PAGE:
Friday, December 25, 2009
Thursday, December 24, 2009
Thursday, December 17, 2009
The Alternative Press reports: The New Jersey Board of Public Utilities (BPU) today approved a budget with $269 million in new funding to promote and deliver renewable energy and energy efficiency solutions to the state’s municipal, residential, non-profits, commercial and industrial ratepayers through New Jersey’s Clean Energy Program (NJCEP). Enhancements to current programs and new programs were also approved to assist small businesses, schools, municipalities and others increase energy savings, save money and protect the environment.
"The BPU is looking forward to helping more New Jerseyans save energy and money in 2010 through the Clean Energy Program, as well as continuing the fight against climate change through energy efficiency and renewable energy," said BPU President Jeanne M. Fox.
The 2010 Clean Energy Program will continue to pursue New Jersey’s Energy Master Plan goals of reducing projected energy use 20 percent by 2020 with strategies that encourage residents, non-profits, businesses and local governments to integrate energy management, renewable energy and energy efficiency throughout their homes, schools and facilities. Budgets for all the whole building programs (Home Performance with Energy Star for Homeowners, Direct Install for Small Businesses, Pay for Performance for Large Businesses and Local Government Energy Audit) have been increased significantly to assist in meeting this goal. READ MORE
NJ Business and Homeowners contact us for more information on installing Solar today.
Wednesday, December 16, 2009
Tuesday, December 15, 2009
The folks at the US Department of Energy are concerned not only with the amount of energy we as consumers generate, but the efficiency of our heating systems and our comfort as well. It is the opinion of the Depahertment of Energy that the following should be performed annually by a profeSssional heating cvontractor.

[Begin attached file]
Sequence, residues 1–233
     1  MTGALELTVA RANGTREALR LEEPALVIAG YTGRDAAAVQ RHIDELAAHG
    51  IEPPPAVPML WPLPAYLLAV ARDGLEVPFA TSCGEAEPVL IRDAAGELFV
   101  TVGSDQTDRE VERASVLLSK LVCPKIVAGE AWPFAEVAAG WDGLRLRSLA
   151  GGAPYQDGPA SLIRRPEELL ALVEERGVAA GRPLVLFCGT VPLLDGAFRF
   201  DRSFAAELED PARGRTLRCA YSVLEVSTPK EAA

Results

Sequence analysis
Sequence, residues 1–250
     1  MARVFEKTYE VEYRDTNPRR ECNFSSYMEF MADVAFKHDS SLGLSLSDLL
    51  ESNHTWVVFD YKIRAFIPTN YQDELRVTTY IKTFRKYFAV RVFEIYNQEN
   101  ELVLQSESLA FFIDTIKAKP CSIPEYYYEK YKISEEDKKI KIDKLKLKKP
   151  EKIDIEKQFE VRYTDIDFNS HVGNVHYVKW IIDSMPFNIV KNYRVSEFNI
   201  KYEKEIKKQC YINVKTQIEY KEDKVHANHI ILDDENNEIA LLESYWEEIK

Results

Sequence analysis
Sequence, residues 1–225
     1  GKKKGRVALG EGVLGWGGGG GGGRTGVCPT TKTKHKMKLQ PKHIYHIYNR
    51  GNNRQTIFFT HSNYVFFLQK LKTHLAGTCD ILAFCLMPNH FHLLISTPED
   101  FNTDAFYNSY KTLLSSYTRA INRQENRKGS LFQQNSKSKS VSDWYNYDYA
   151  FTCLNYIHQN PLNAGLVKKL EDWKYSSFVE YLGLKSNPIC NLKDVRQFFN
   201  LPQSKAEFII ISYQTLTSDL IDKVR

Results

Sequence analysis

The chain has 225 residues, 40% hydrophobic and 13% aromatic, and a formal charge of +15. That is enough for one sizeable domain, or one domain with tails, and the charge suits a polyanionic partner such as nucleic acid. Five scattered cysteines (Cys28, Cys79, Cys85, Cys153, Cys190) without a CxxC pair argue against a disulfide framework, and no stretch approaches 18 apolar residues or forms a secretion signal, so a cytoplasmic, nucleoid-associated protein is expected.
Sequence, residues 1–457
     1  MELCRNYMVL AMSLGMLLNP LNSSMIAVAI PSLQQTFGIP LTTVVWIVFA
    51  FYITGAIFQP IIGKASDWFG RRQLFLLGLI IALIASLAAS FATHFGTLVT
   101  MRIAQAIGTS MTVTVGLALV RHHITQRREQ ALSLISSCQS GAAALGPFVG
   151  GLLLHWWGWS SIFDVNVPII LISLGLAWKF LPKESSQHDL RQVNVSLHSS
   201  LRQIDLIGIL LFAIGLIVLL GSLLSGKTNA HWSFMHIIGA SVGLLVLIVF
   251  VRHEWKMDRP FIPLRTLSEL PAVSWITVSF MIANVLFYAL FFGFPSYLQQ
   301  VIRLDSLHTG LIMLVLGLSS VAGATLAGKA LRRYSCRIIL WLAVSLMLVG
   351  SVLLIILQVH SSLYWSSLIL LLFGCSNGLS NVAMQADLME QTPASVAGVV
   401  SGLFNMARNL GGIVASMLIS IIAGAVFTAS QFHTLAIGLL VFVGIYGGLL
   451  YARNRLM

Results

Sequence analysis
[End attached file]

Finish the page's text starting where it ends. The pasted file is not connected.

- Check the condition of your vent connection pipe and chimney.
Parts of the venting system may have deteriorated over time. Chimney problems can be expensive to repair, and may help justify installing new heating equipment that won't use the existing chimney.
- Check the physical integrity of the heat exchanger. Leaky boiler heat exchangers leak water and are easy to spot. Furnace heat exchangers mix combustion gases with house air when they leak—an important safety reason to have them inspected.
- Adjust the controls on the boiler or furnace to provide optimum water and air temperature settings for both efficiency and comfort.
If you're considering replacing or retrofitting your existing heating system, have the technician perform a combustion-efficiency test.
Forced Air Systems:
- Test the combustion chamber for cracks.
- Test for carbon monoxide (CO) and remedy if found.
- Adjust blower control and supply air temperature.
- Clean and oil the blower.
- Remove dirt, soot or corrosion from the furnace.
- Check fuel input and flame characteristics, adjust if necessary.
- Seal connections between the furnace and main ducts.
Hot Water Systems:
- Test pressure-relief valve.
- Test high-limit control.
- Inspect pressure tank, which should be filled with air, to be sure it's not filled with water.
- Clean the heat exchanger.
- Drain some water from the boiler to remove sediments. This improves the heat exchanger efficiency.
- Test low-water cutoff safey control and high-limit safety control.
- Drain the float chamber to remove sediments. This prevents the low water-cutoff control from sediment clogs.
- Analyze boiler water and add chemicals as needed to control mineral deposits and corrosion.
- Clean the heat exchanger.
Sunday, December 6, 2009
We care about the environment and you should, too! Did you know that older thermostats contain mercury which is dangerous if not handled properly? Be sure your contractor recycles if your thermostat is replaced!
Mercury is a toxic metal that, when released into the environment can leach into our groundwater and contaminate fish and other plant and wildlife. According to industry estimates, the average mercury switch thermostat contains nearly 4 grams of mercury, which is more than one thousand times the amount contained in a CF light bulb. Be sure that your Heating/Air Conditioning contractor partners with The Thermostat Recylcing Corporation and properly recycles these thermostats when they remove them or replace them for you so that they are not discarded into the waste stream. Local NJ Residents contact us for safe disposal of your old thermostat and replacement of an energy efficient thermostat.